The latest 13F season is commencing, when many money managers issue required reports on their holdings. It can be worthwhile to pay attention, as you might get an investment idea or two by seeing what some major investors have been buying and selling.

For example, consider Bridgewater Associates, one of the world's largest hedge fund companies. According to its recently released 13F statement, the company has reduced its positions in Hewlett-Packard Company (HPQ -1.61%) and Sysco Corporation (SYY 0.03%), while eliminating its position in Valero Energy Corporation (VLO 2.48%).

Hewlett-Packard has been suffering in recent years, in part due to a weak PC market, which is expected to shrink by 6% in 2014, per analysts at IDC. Its last quarter featured estimate-topping revenue and earnings, with earnings rising 10% over year-ago levels, and revenue dropping by 1%. The company has been cutting costs aggressively, but its enterprise services business has not been growing as quickly as hoped. Goldman Sachs has slapped a sell rating on the stock. The printing giant plans to compete in 3-D printing, and it has been racking up some significant contracts, such as one worth up to $32 million from the Department of Homeland Security, and one worth up to $548 million with the Department of Defense. It's also expanding in health-care analytics, and generating solid free cash flow. Hewlett-Packard's stock has surged nearly 50% during the past year, and yields 1.9%. With its forward price-to-earnings (P/E) ratio near eight, some see more growth ahead for the stock.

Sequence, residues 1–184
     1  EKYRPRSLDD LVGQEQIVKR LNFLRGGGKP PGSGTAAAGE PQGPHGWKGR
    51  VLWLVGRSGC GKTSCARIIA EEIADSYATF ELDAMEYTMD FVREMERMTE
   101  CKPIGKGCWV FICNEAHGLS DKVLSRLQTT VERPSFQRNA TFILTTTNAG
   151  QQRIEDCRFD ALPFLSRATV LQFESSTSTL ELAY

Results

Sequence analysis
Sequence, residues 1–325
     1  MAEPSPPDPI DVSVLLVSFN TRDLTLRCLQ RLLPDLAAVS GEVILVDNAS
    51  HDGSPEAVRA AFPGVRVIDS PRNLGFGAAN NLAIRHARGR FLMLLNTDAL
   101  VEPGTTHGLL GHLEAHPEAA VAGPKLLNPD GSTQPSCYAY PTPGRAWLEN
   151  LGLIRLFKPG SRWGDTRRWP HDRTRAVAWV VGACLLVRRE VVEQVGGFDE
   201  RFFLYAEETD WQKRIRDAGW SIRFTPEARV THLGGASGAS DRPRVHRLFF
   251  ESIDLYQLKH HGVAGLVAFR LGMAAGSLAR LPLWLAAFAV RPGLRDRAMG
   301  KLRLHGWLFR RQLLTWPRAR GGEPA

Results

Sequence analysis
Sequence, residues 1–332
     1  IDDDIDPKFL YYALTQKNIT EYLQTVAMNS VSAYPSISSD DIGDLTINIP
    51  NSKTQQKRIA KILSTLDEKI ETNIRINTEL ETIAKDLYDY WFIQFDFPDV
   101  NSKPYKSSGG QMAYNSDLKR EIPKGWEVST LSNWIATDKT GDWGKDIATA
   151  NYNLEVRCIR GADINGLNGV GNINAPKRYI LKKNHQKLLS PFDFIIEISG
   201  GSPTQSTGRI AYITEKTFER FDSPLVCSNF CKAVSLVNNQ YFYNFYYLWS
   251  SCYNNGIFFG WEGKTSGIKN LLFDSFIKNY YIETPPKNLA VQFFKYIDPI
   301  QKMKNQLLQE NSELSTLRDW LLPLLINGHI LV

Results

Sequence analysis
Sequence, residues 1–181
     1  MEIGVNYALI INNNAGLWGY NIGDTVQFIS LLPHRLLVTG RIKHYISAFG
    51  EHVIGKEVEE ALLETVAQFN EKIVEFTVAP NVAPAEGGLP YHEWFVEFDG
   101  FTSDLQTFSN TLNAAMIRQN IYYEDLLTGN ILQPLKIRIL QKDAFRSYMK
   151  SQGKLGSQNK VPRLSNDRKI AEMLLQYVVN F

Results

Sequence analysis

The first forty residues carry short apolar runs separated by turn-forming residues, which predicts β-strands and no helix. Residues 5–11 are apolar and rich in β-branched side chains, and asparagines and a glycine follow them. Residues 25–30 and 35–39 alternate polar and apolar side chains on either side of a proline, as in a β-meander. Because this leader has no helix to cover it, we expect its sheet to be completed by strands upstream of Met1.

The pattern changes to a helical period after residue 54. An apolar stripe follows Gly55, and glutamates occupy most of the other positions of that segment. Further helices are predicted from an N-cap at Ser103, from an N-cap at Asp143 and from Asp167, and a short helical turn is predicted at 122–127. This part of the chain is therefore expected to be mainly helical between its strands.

Sysco is a giant in food delivery to restaurants and other institutions and a dividend dynamo, recently yielding 3.2%. In its second quarter, it topped earnings expectations (though earnings were down over year ago levels) and disappointed on revenue (though that rose). Bears worry about how rapidly it can grow, with some seeing it as a good company in a bad industry. Bulls like its market dominance, consistent profitability, and reliable quarterly payout. Its international expansion offers more cause for optimism.

Major U.S. refiner Valero Energy yields 2% and has gotten a boost recently due to instability in the Ukraine. In 2013, a drop in the spread between Brent and WTI crude prices hurt its profit margins, but Valero still upped its throughput during the year, and its significant capital expenditures in 2014 could lead to further growth. Valero's competitive advantages include its size and the location of its operations, and it has been a successful major player in ethanol. Valero is poised to benefit from the proposed (and controversial) Keystone XL Pipeline, and has been investing in railcars to help bring in crude from inland fields. Bears worry about rising crude prices, though, and would like to see more growth drivers for the company.